From a knowledge perspective, Web 2.0 holds massive advantages in spreading knowledge to large groups. However, Web 2.0 – I hate the term personally, but you all know what I mean now – is something that enterprises typically push on their customers and partners through the use of forums, communities and blogging. And maybe even more indirect means such as through things like Twitter.
Increasingly however, Web 2.0 used internally at organisations to enable better communication and knowledge sharing. For the Enterprise, it is faced with the challenge of trying to embrace a way of working that it barely understands when trying to present it to it’s customer. Those who can make the decisions to do this are rarely those who really understand these forms of communication.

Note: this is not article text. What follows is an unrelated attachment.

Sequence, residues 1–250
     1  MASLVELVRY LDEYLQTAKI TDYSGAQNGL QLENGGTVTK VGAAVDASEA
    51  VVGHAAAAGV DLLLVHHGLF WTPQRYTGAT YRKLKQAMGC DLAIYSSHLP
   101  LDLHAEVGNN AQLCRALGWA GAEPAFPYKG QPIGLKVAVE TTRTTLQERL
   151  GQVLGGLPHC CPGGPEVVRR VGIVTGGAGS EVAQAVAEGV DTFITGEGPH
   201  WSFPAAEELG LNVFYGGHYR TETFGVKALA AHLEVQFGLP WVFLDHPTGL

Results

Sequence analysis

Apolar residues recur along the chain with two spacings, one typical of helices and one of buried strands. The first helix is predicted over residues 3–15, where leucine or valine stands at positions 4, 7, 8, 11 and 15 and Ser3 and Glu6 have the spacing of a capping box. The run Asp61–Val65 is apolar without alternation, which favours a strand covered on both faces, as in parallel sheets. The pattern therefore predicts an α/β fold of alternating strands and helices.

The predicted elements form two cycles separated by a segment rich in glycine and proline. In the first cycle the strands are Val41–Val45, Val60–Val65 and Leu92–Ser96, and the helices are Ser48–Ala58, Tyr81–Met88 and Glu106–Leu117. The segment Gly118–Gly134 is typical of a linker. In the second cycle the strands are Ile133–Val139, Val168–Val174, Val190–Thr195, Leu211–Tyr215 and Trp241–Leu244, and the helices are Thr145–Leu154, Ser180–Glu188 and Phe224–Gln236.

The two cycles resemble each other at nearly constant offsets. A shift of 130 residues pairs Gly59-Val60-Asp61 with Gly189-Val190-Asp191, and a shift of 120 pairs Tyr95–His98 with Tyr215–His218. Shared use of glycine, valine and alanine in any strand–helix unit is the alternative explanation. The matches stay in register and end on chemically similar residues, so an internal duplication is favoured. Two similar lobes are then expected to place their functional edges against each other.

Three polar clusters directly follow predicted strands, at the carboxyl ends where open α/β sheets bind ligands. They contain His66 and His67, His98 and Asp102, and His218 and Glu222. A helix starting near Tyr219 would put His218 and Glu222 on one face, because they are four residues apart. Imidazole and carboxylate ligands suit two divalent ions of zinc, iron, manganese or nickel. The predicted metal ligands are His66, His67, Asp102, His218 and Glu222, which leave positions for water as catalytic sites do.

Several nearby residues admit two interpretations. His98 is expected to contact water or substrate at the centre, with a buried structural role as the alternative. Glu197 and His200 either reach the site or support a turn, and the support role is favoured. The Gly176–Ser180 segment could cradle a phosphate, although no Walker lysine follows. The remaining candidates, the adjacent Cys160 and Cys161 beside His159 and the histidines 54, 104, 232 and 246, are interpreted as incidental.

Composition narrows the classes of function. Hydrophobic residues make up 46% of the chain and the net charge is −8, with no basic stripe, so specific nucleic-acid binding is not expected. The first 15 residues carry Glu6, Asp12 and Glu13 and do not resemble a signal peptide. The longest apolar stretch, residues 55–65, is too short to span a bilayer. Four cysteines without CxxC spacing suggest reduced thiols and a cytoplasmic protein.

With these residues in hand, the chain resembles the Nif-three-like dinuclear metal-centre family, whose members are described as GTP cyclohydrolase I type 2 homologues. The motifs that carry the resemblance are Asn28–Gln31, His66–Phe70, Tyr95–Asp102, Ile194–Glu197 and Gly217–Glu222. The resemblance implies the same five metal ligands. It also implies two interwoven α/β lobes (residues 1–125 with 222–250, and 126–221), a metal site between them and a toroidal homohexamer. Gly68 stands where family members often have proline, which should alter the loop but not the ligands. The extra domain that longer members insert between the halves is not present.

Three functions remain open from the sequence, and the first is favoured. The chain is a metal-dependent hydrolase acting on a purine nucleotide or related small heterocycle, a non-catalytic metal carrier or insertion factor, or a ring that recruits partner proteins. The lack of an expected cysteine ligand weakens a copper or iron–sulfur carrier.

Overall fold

I’ve just finished reading an article written for KM World by Daniel Kraft, Senior Vice President of Open Text. The article, Balancing Candy and Aspirin talks about the challenges to a maybe more traditional organisation in embracing Web 2.0 internally.
It raises some interesting questions. Any organisation needs to be sure that the technologies used are secure, controlled and integrated into the fabric of the organisation. Leaving it to spirited individuals to start with these things might lead to disaster when crucial information is leaked to the wrong person (or even worse outside the building).